: (often capitalized Kapellmeister) the director of a choir or orchestra
Did You Know?
As you may have guessed, Kapellmeister originated as a German word—and in fact, even in English it is often (though not always) used for the director of a German choir. Kapelle once meant "choir" in German, and Meister is the German word for "master." The Latin magister is an ancestor of both Meister and master, as well as of our maestro, meaning "an eminent composer or conductor." Kapelle comes from cappella, the Medieval Latin word for "chapel." As it happens, we also borrowed Kapelle into English, first to refer to the choir or orchestra of a royal or papal chapel, and later to describe any orchestra. Kapellmeister is used somewhat more frequently than Kapelle in current English, though neither word is especially common.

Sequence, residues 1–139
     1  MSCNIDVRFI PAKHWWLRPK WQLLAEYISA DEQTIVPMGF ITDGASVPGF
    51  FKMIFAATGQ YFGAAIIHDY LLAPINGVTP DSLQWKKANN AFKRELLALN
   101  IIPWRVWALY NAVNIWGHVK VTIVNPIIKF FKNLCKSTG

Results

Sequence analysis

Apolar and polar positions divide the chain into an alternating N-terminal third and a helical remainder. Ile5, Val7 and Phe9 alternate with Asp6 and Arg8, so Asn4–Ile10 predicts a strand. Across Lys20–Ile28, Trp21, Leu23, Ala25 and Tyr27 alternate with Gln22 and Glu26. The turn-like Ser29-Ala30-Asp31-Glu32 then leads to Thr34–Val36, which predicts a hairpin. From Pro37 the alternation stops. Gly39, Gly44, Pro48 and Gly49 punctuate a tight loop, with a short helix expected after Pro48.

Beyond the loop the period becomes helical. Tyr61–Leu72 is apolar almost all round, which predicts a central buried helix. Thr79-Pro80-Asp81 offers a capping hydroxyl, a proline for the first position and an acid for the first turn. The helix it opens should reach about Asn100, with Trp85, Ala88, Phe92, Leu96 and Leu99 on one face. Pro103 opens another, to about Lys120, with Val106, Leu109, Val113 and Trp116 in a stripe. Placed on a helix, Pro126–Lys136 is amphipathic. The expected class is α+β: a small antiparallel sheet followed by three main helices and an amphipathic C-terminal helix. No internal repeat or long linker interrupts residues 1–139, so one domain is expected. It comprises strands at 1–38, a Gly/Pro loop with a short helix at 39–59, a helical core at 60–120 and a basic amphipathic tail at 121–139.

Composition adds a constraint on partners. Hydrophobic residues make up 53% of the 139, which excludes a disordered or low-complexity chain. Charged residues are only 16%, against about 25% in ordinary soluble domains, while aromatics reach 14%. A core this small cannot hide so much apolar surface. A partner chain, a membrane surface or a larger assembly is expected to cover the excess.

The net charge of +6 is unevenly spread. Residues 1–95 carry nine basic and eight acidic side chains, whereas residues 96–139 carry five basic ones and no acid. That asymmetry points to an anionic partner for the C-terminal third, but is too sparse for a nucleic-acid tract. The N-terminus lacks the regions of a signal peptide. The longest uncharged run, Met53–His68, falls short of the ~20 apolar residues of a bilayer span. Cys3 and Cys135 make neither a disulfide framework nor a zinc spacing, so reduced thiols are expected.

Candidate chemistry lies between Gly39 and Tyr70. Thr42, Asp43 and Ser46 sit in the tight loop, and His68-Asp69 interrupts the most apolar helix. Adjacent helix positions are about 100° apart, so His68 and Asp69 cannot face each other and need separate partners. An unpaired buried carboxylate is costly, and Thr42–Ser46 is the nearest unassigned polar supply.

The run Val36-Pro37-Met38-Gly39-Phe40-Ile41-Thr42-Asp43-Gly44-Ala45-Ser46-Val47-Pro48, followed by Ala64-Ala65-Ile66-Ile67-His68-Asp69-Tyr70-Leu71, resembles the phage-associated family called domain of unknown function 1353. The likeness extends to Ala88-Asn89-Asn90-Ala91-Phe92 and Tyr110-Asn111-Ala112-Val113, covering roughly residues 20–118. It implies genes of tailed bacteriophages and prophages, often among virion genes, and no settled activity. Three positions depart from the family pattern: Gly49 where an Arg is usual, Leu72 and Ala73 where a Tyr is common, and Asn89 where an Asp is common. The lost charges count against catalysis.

The Kapellmeister brought his hands up slowly to signal to the musicians a shift to a slower tempo.
"Schwader joined them onstage for an account of the apparently dagger-toting Johann Sebastian Bach's tussle with a bassoonist he allegedly insulted. Using a humorous German accent during dialogue, it was an amusing anecdotal introduction to the portly bewigged Kapellmeister we recognize from portraits and intricate counterpoint…." — Libby Hanssen, The Kansas City Star, 13 November 2016
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